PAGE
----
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High Velocity training centre continues to grow

Vince Burke

Vince Burke

Camrose Canadian

Camrose's High Velocity Equipment Training has graduated another class of heavy equipment operators at the same time the training centre continues to expand.

High Velocity First Nations liaison Dion Arnouse said they have traditionally reached into First Nations communities like Hobbema but are now attracting aboriginal students from B.C.

"They have already done a lot of great work with the First Nations, Inuit and Cree in Canada, more so in Western Canada," he said.

"My job is to emphasis the B.C. front and we like what we see because there really is such an opportunity for the First Nations people because of the way the industry is right now, it has created a lot of job opportunities for heavy equipment operators in or near the First Nations communities."

Mayor Marshall Chalmers said High Velocity is a real success story in Camrose.

"This is a kind of gold nugget that we need to get out publicly into the community, if you think of the spin off. My perspective is that you can have an office anywhere, so this particular company could up and leave and get a chunk of land and train anywhere, so I am very committed to keeping this company here. What can we as a community do?" said Chalmers, who added an idea of searching for provincial or federal grants to purchase equipment for the students to train on, or a donation of used equipment to the program.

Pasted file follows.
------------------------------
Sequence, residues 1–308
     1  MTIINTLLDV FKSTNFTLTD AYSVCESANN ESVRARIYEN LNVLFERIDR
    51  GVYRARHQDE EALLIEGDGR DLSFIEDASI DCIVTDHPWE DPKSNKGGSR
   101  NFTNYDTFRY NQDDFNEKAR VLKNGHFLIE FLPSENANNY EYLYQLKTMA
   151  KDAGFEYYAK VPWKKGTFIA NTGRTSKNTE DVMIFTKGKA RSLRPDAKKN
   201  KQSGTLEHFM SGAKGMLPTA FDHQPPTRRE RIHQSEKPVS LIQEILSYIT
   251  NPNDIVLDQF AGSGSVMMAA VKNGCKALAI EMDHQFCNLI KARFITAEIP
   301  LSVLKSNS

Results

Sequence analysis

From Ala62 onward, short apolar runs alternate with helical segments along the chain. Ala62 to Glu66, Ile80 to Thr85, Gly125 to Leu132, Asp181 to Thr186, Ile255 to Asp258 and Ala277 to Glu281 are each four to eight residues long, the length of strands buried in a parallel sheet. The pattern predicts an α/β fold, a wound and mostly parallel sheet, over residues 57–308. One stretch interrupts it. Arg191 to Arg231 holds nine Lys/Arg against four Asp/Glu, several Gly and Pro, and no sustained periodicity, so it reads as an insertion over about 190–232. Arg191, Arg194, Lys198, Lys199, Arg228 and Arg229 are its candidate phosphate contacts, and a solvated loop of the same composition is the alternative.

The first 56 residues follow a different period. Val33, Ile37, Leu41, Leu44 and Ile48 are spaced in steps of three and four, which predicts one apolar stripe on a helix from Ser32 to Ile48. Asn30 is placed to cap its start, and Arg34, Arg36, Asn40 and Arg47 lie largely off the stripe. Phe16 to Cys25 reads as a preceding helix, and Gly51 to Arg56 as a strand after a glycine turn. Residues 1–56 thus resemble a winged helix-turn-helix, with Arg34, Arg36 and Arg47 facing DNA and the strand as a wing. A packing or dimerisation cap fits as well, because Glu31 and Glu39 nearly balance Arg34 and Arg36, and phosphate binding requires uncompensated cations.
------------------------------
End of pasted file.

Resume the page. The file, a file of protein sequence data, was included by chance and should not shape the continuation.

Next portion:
The training centre is a success for Camrose, but project coordinator Rick Enright said it is also a success for the communities the students come from. A lot of employment options are made available back in the students home region.

"They want their trained people to come back to be role models, to come back and talk to their friends and say, 'you guys got to try this, look what I'm doing,'" he said.

"The whole program the way it is set up caters to the First Nations and the plight and mind set. They don't want to leave the community . and this is a way out where they are working on their projects on their land working with industry."

Enright said they have examples of that success as close as the First Nations community in Hobbema.

"Everybody knows about Hobbema, no matter where you live, but they just called and want to send 12 more students through the program. They started by graduating four out of here.

"That is a way to change their community to get these people out of the gangs and say here's an easier way to make money."


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